If you have been reading this blog, you already know that we strongly believe that the next big disruption to the pro licensing scene is already in your hands. Not so much because everyone has a camera and can potentially shoot ( nothing new here) but rather for its ability to put image buyers and sellers in direct contact around a specific need.
The big change here is that instead of being an offer-first marketplace – where stock agencies create a large pool of images in the hopes of matching a demand-, cell phones open wide open the doors to a demand-first marketplace – Clients with a specific need reach out to a large pool of photographers-. The offer-first marketplace is cumbersome, expensive and needs a large infrastructure ( people and machines). The demand-first is nimble, agile, quick and needs very little support.
Already, startups liked ImageBrief, Scoopshot, Foap, EyeEm, Eyewi.re have entered this market with impressive investments and substantial success. While it is too soon to predict how big the disruption will be, it is undeniable that it is here to stay. Up to now, none of the traditional players in the stock photo industry, besides a few lesser microstock companies, had entered the market. Not anymore.
Getty Images is currently beta testing an iphone app that allows them, in this early stage, to post request that get immediately broadcasted to their contract photographers. Andreas Gebhard, Getty’s Director of Content Development , was kind enough to show us how it works.
Getty’s app is called Moment and is available to anyone on the Iphone app store. Once downloaded, a registered user is greeted with an overview of all the type of images needed:
Upon tapping on a request, one can get more information about the request and also see the most recent images uploaded.
From here, photographers have the option to either take a picture directly from within the app, select one already existing in his library or upload one from a separate source ( computer, hard drive, dropbox.). Currently, about 50% of images submitted were not taken with a cell phone. The next screen prompts them for a caption and keywords. They can then proceed and submit it to the Getty desk.
Once received by Getty, the image is primarily screened for its accuracy to the requested topic, after it has been checked for technical and aesthetic excellence. Depending on the image and the initial request, the image is then posted on the Getty website either as an RF file or in their special editorial Moment collection. You can see the most recent accepted images here.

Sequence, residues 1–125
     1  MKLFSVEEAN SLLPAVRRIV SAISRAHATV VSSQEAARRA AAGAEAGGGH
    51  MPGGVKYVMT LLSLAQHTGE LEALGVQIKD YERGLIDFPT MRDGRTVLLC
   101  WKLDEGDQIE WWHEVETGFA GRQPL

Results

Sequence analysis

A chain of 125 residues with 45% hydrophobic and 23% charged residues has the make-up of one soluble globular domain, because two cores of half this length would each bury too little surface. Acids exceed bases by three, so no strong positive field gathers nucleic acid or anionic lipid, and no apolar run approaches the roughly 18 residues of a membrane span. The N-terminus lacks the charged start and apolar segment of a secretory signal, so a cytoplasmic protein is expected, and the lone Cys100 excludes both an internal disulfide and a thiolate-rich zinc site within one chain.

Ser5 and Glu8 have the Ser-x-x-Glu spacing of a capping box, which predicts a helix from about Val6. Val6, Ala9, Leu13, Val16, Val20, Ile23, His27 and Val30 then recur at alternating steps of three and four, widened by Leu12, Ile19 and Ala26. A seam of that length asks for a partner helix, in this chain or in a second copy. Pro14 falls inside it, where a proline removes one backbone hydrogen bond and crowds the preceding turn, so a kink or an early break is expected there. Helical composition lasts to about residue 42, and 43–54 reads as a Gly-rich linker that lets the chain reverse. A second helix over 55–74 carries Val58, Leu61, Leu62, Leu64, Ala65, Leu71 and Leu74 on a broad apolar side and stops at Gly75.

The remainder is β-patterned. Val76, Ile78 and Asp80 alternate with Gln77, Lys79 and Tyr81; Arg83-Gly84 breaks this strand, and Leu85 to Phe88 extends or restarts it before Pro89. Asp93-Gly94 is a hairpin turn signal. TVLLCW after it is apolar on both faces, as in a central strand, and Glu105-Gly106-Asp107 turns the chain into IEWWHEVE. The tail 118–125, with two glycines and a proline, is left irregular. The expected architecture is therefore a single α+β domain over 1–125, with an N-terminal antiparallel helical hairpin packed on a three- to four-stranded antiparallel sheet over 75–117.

Back to the app. If an image is rejected, the photographer gets a note from the editors with a brief explanation why. About 30 % of images submitted get rejected. A photographer can review at any time how many of his images have been accepted or not. He can also “star” ( similar to a Facebook “like”) images from other photographers. For now, the amount of “likes” has no impact on the decision by the Getty editors to accept an image.
Launched in December 2013, the Getty app currently has around 6,000 users. While anyone can download the app, only photographers with a current active contract with Getty can upload images, including those from Istock and Flickr. While Getty is sending more invitations daily, the app is still experimental for now. Depending on the data gathered over an undisclosed amount of time, they will decide how to pursue its development.
According to Andreas Gebhard, the current version of the app is purposely kept as simple as possible. However, depending on the reactions, they plan to add features. For now, the desk has the ability to target a geographically based group of photographers if they need, let’s say, snowstorm in New York. Only those residing in New York will get a push notification.
The possible near future: While nothing is confirmed, Getty is considering opening the app to clients so that they could directly post requests on the app, along with specifics and a deadline. The Getty desk would then edit the submissions and make them available for the client to decide which one to use. Very similar to what ImageBrief is doing. Furthermore, with more classification, the app could send notification to very targeted photographers, beyond simple geography. A request could be pushed to sport photographers only, or underwater specialist, making the result even more acute.
Getty is to our knowledge the only traditional photo agency currently playing with possibility of the demand-first market and that should send a very strong message to anyone in the same field. With its exist pool of pro photographers worldwide, they could quickly become leaders in this new marketplace, especially if no one else is competing with them. Lest we forget, they also have easy access to a formidable client list , bypassing the need for expansive marketing other start-ups will face.
Author: Paul Melcher
Paul Melcher is the founder of Kaptur. He is an entrepreneur, advisor, consultant with a strong background in licensing, copyright, sales, marketing and technology with more than 20 years experience in developing world-renowned photo based companies with two successful exits. Named one of the “100 most influential people in photography” by American Photo magazine.